What happens to the hero inside us?
I was reading a biography of singer-song writer Leonard Cohen recently. He has always been a figure that aroused great curiosity in my mind. Through my teenage years in the 1970s and as a young adult, Cohen’s songs, never exactly ‘catchy’ tune-wise, his lyrics and simple style, were the focus for praise and awe among people of my generation.
Clearly a deep person who crafted words from somewhere way down deep inside, Cohen captured the essence of the human joy and pain of love and human intimacy, and the rawness of disappointment and brokenness.
Then in more recent years in my own experience of life, as events have unfolded, some wonderful and others really difficult, I’ve grown into a place that takes suffering and life’s setbacks seriously, seeking to make sense of things that cannot be neatly pigeon-holed. Paradox has become a familiar feature of this new landscape. So, it is not surprising that Cohen’s words and thoughts have become more fascinating, resonating with many of the insights of spiritual writers like Richard Rohr and others whose deeply Christian approach is informed by many valuable insights from human psychology.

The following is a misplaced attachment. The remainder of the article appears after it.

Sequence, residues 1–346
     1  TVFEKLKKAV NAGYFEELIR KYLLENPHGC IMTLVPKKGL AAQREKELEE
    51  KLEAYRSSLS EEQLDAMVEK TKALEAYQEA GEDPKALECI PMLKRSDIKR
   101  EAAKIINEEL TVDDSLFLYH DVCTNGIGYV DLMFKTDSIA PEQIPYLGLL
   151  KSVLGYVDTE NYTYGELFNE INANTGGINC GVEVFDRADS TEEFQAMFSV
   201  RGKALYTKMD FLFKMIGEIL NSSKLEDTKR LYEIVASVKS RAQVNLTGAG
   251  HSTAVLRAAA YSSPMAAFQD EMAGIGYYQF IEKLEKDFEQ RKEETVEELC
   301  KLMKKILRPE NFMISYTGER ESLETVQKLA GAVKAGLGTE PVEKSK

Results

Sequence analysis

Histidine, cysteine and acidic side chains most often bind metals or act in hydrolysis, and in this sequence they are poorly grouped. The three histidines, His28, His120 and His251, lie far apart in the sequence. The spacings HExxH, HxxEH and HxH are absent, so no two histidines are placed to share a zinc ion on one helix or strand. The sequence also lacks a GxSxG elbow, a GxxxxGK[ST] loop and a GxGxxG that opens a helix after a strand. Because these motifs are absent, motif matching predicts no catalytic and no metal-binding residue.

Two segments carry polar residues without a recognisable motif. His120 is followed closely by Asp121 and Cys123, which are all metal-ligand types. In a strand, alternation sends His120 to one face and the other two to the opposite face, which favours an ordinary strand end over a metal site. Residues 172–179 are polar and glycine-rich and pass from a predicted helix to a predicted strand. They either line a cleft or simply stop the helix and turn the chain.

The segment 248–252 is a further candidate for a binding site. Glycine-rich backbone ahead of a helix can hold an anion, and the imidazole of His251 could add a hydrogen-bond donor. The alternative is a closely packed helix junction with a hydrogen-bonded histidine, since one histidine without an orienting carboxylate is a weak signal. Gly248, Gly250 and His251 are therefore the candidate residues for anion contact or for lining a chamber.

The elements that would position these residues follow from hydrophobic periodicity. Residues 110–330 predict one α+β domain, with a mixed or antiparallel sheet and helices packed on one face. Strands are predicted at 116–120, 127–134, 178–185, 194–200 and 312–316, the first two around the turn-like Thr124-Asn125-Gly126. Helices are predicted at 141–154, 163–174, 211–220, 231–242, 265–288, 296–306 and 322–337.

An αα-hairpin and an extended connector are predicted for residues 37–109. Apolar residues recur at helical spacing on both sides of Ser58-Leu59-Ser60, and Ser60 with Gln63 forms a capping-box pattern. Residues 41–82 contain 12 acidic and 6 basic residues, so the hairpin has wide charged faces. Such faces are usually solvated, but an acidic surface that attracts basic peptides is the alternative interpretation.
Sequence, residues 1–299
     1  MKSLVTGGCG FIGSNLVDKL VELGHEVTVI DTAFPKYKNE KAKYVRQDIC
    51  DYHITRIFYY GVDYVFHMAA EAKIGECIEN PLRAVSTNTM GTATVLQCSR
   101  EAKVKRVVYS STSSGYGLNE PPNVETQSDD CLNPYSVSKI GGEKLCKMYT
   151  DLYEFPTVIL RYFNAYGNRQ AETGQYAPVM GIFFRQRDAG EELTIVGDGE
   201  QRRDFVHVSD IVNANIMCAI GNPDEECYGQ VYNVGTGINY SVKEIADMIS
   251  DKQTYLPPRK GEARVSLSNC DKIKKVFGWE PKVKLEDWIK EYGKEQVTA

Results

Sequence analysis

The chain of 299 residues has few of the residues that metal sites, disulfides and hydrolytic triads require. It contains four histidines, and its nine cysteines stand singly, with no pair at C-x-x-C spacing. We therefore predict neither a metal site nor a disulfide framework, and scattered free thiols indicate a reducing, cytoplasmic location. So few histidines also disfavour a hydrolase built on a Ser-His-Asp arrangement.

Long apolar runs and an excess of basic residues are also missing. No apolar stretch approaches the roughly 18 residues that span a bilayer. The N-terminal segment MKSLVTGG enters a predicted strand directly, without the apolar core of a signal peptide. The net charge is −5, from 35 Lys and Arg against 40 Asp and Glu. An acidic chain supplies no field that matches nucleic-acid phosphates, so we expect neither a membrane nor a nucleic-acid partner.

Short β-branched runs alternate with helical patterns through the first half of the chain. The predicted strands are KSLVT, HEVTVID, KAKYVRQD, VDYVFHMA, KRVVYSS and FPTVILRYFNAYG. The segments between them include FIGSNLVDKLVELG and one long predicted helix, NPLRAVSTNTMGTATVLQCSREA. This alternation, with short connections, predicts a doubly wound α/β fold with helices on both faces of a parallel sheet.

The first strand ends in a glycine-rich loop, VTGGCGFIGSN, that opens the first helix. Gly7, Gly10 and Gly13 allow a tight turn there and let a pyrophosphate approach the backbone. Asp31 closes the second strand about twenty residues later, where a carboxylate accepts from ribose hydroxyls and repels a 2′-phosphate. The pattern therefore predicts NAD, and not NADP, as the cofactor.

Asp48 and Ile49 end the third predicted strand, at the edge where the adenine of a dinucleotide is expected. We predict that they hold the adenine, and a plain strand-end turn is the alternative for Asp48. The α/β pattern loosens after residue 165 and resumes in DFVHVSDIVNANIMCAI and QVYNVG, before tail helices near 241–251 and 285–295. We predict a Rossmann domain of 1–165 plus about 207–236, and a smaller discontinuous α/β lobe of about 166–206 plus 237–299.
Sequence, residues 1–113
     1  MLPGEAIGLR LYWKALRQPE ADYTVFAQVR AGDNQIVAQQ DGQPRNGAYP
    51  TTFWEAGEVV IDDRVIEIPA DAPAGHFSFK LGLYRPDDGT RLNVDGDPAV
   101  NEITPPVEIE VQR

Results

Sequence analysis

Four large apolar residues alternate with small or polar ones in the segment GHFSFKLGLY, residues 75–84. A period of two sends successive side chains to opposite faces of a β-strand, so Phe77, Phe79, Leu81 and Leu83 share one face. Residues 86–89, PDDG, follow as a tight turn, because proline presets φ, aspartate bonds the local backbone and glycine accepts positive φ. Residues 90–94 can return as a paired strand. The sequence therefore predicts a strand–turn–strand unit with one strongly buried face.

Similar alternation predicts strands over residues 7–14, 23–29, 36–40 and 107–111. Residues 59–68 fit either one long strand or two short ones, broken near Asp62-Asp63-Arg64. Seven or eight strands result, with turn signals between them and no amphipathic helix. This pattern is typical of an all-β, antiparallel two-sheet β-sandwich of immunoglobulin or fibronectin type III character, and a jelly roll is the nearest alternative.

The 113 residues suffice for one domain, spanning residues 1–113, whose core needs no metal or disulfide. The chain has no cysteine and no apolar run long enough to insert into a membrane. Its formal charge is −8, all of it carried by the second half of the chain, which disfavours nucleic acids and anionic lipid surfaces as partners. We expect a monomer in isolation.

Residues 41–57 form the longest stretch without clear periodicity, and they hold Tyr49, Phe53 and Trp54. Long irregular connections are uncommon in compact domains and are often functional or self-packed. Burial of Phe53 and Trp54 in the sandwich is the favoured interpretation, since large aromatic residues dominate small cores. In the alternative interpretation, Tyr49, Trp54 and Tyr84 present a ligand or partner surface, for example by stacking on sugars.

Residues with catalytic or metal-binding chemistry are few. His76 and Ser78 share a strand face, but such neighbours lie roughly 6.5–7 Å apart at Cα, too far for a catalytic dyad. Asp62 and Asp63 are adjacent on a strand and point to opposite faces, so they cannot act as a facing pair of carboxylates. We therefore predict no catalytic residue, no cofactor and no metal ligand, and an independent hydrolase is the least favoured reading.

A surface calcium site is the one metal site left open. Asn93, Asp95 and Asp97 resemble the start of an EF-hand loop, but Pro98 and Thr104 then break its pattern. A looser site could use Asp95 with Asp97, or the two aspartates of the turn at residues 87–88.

I cannot tell you how many men (and some women!) I have spoken to who are in the second half of their lives and are wondering how to make sense of life which has often been informed by ideas about God that are frankly OK for the Sunday School room, but definitely not for adults who have faced setbacks, losses and shocks.
These ‘defeats’ are acknowledged beautifully in a quote in Cohen’s biography. The words are of a friend of his, a Buddhist monk he calls Roshi: “The older you get, the lonelier you become, and the deeper the love you need [now there is a quote worth spending sometime meditating on to start with!]. Which means that this hero you are trying to maintain as the central figure in the drama of your life – this hero is not enjoying the life of a hero. You’re exerting a tremendous maintenance to keep this heroic stance available to you, and the hero is suffering defeat after defeat. And they are not heroic defeats: they are ignoble defeats. Finally, one day you say, ‘Let him die - I can’t invest any more in this heroic position. From there you just live your life as if it’s real….’”
Letting go, allowing things within the familiar landscapes of our lives to die is a central theme in Christianity. Acceptance is key, not passively but intentionally, this is a turning that has the aim of clearing the decks, getting out of the way of ourselves, so that our true self can flourish; the self that is connected to the source of all love, light, peace and grace (aka “God’).
By Fr David Evans, Team Rector, Brereton, Rugeley and Armitage Team Ministry
PS. If you are a bloke who wants to explore this a bit more, Adam's Return is the group for you. Follow the link.